Brussels stands by plans to split up energy groups

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The Commission is preparing legislation on ‘ownership unbundling’ to separate energy generation and supply activities from network operation despite opposition from France and Germany, EU officials indicated.

EU officials outlined Commission plans to transform political commitments into hard legislation after a successful summit agreed on an action plan to set up a European energy policy earlier this month (EURACTIV 13/03/07).

Speaking on 16 March, EU officials said the separation of large integrated energy groups such as France’s EDF and Germany’s E.ON was still a priority for the Commission as it seeks to ensure fair access to energy distribution networks for companies wishing to enter new markets.

Ownership unbundling – the separation of energy groups into entities dealing with network and generation activities separately – is “the working hypothesis” of the Commission, one senior official indicated.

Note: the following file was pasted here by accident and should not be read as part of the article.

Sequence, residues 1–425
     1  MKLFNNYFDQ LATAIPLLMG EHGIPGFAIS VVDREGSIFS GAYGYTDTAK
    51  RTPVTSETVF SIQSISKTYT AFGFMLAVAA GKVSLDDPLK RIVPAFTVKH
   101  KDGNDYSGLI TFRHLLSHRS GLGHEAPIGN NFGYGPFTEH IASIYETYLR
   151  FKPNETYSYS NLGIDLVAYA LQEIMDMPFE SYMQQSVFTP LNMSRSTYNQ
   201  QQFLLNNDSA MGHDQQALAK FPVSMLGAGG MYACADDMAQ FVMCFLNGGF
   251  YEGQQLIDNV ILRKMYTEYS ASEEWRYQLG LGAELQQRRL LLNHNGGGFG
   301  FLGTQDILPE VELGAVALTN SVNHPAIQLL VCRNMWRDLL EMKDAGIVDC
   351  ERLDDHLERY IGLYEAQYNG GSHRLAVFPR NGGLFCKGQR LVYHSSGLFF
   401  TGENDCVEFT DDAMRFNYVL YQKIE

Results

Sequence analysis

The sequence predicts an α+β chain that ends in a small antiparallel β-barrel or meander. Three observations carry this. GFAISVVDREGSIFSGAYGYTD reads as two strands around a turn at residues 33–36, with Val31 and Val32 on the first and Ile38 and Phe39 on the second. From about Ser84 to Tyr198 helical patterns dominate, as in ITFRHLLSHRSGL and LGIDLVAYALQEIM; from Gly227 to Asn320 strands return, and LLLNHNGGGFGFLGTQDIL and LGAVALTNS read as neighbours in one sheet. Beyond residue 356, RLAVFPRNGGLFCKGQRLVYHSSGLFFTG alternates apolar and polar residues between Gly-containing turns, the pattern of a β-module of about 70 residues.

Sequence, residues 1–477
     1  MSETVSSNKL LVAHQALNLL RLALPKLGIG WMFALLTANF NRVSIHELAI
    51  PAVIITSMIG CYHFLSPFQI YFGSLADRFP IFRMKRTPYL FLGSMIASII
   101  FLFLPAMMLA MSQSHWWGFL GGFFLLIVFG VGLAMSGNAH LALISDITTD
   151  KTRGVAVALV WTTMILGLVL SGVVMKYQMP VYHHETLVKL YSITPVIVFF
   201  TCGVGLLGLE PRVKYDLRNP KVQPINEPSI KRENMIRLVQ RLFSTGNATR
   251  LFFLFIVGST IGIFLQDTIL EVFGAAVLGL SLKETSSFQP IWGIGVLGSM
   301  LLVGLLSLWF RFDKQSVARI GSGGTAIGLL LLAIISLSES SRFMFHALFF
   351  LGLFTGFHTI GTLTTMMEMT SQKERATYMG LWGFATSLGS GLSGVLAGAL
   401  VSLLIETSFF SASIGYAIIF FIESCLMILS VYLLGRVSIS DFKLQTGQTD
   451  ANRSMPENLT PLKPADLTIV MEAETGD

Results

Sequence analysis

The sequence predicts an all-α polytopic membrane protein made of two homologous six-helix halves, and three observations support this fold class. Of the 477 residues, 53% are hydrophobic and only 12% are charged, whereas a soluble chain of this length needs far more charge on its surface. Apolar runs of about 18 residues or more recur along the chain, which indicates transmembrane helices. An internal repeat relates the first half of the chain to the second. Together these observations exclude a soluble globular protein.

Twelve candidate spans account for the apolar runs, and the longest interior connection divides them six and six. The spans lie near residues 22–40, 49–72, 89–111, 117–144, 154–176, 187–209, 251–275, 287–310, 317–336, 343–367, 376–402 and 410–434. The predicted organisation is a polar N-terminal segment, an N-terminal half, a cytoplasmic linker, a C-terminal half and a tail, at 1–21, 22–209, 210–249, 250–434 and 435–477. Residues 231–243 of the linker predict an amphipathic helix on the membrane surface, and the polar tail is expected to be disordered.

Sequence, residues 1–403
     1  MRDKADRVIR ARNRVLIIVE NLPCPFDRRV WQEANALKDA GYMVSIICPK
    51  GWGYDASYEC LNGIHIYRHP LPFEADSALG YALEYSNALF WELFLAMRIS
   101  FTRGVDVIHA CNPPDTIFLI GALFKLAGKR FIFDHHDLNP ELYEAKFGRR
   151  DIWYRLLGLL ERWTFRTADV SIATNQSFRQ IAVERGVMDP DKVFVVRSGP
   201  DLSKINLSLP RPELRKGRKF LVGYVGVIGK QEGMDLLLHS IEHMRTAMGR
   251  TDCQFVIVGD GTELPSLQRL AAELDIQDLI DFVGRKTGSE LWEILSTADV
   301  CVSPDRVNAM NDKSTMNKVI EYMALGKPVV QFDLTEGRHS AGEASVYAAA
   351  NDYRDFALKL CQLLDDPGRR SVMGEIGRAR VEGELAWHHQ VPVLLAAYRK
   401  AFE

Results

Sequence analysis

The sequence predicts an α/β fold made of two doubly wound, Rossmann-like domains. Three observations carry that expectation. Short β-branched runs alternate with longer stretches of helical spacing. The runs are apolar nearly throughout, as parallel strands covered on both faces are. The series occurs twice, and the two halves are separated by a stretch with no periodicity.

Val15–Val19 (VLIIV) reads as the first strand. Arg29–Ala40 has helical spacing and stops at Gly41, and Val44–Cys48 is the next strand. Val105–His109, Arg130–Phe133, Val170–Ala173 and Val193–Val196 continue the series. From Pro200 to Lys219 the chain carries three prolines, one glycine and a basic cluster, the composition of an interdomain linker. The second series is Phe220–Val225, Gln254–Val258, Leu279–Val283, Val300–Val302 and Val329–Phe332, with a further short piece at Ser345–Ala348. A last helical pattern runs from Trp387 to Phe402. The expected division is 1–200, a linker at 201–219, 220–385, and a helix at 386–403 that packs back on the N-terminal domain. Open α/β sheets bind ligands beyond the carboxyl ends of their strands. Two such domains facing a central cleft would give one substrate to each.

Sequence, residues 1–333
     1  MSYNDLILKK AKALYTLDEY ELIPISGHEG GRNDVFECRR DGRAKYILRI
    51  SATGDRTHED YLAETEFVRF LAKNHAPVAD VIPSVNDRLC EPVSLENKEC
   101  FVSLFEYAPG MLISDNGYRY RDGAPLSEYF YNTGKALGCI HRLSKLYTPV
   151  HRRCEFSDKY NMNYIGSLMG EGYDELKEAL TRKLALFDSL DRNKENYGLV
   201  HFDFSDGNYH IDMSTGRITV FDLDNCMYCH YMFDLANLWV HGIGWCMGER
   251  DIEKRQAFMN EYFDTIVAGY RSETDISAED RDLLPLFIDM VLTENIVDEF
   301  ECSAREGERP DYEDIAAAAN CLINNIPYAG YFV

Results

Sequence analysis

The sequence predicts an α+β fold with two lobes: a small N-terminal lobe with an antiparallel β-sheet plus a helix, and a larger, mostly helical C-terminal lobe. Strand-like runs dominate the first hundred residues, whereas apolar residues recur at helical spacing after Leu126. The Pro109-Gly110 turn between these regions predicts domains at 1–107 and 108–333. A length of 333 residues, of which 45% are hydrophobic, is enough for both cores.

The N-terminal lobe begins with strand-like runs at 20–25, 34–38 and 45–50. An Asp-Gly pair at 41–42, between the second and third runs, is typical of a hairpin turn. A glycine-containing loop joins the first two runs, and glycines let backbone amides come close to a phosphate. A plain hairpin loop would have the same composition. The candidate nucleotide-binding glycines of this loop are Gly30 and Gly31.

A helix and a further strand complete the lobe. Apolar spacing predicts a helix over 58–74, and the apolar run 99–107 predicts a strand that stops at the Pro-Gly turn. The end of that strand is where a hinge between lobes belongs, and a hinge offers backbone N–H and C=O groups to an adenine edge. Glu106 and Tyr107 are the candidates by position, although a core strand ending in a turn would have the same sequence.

He added that EU leaders had given the Commission “a clear indication” of this at their summit in March and that it “doesn’t make sense” to have other options on the table at this stage.

Summit conclusions adopted unanimously by EU heads of state stress “the need for effective separation of supply and production activities from network operations (unbundling), based on independently run…network operation systems”. 

The summit also called for “further harmonisation” of the powers granted by governments to their national energy regulators and a strengthening of their independence from outside interference.

“This is why we consider ownership unbundling as the preferred solution,” one senior EU official said. He pointed out that 12 member states had already introduced legislation on ownership unbundling in electricity markets and that five had done the same for gas markets.

An impact assessment on the economic, social and environmental consequences of the proposal would be presented in the summer, officials said. The proposal will be part of a “third package” of EU legislation on energy that will also include a directive on renewables to ensure that 20% of the EU’s energy needs come from wind, solar and other green sources by 2020.

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